Regardless of the formal definition, most academics agree on the fact that employer branding finds its origin in marketing theory. To the benefit of their companies, marketers have long identified the value proposition of a product as the set of benefits promised to a customer for the purchase of such product. Without a promise of functional, economic or psychological benefits, products and services would hardly find customers willing to pay for them. On the other hand -so goes the story- HR managers have historically ignored that potential employees are not very different from potential customers, and that in order to attract the right employees, employers must promise a series of benefits that appeal to their needs and desires. Improving an organization’s ability to differentiate and communicate such promise, also known as employer value proposition, is the key to win the so-called “talent war”.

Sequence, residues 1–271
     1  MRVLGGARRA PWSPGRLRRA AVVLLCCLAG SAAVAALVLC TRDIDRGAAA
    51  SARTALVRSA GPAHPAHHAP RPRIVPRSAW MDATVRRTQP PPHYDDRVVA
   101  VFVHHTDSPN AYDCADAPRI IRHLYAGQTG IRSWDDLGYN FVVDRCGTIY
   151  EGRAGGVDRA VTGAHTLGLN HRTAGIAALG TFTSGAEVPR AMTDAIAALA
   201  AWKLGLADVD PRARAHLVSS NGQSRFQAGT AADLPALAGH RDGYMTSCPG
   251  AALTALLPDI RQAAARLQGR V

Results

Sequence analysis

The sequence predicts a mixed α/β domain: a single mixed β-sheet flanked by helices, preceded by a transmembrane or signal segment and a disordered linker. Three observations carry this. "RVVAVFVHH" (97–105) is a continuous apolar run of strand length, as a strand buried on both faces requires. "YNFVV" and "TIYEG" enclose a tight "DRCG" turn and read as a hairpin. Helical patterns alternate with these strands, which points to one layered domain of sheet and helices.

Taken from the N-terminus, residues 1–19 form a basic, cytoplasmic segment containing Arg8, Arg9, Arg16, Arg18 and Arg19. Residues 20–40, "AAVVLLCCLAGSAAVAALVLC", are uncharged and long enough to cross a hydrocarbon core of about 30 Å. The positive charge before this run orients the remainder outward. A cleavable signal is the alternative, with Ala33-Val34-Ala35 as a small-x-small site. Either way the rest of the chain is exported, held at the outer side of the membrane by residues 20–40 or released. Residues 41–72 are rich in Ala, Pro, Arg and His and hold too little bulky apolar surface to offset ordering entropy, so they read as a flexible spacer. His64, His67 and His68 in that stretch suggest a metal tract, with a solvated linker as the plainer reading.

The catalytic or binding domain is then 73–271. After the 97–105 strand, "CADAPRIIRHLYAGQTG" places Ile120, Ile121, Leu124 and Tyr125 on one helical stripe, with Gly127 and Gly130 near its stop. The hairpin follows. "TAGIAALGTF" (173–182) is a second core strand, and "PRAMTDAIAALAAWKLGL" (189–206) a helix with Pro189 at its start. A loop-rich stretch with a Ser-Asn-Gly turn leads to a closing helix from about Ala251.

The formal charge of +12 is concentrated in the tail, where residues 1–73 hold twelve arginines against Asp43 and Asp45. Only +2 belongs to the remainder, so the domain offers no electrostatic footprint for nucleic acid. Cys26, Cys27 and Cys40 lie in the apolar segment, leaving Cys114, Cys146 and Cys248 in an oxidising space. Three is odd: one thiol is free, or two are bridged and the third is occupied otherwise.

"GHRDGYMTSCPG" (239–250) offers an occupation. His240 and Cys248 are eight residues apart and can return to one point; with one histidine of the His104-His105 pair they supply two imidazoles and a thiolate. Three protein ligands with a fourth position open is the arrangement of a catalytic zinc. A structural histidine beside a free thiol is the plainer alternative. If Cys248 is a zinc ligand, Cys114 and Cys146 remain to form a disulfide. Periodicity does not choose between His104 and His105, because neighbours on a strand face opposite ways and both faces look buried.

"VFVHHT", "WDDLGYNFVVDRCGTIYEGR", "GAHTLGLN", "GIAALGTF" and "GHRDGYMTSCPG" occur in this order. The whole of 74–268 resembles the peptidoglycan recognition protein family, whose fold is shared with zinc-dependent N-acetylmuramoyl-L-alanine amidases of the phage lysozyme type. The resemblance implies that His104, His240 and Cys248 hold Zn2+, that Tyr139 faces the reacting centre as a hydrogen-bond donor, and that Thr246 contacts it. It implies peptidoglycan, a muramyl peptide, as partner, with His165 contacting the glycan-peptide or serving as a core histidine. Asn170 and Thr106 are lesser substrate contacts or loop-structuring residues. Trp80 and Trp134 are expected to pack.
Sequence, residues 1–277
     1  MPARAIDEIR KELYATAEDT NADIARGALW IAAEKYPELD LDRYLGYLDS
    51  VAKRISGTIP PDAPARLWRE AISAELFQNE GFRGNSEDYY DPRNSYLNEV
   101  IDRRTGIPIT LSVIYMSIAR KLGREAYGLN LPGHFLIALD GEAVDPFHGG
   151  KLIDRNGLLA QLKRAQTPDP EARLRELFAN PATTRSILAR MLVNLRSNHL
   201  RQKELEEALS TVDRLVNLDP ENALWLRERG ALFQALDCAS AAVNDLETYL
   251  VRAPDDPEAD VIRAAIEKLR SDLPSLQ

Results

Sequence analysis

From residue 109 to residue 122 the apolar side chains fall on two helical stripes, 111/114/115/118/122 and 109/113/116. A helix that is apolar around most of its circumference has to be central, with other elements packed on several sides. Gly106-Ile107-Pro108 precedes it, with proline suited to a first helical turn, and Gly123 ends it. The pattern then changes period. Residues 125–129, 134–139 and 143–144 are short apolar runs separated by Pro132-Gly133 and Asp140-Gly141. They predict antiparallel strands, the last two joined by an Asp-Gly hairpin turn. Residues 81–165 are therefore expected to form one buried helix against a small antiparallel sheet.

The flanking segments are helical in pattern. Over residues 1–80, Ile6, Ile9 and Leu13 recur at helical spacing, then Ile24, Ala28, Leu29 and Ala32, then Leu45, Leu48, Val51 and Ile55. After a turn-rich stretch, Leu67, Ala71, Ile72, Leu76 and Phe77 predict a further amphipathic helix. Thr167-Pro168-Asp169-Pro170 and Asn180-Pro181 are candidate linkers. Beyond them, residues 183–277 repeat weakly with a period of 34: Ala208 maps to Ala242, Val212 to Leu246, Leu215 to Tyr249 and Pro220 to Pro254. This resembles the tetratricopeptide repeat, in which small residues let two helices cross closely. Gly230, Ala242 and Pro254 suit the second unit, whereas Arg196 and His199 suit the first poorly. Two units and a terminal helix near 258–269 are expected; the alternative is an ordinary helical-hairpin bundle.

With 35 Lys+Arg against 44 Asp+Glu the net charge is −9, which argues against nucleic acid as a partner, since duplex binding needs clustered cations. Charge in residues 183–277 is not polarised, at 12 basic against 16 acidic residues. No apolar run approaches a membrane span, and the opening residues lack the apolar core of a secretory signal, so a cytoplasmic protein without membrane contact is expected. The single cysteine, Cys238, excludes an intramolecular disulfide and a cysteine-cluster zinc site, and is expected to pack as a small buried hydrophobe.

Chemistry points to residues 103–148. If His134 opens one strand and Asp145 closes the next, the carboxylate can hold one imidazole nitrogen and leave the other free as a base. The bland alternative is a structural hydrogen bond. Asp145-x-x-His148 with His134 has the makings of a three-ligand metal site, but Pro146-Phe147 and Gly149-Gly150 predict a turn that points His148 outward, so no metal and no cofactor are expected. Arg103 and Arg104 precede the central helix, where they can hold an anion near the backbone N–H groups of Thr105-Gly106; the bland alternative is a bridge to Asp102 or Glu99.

1.2 Employer brand vs. Product brand

In essence, an employer brand is not very different from a product or company brand. In general, a brand can be conceived as a mix of brand identity and brand image. Whereas the brand identity can be defined “as the message sent [to the target audience] through the product’s form, name, visual signs, advertising, etc.” (Melin 2005, p.17), the brand image refers to how the target audience perceives it. So from that point of view, the product and employer brand are very similar.

illustration not visible in this excerpt

Figure 1: The brand as a mix of identity (projection) and image(perception)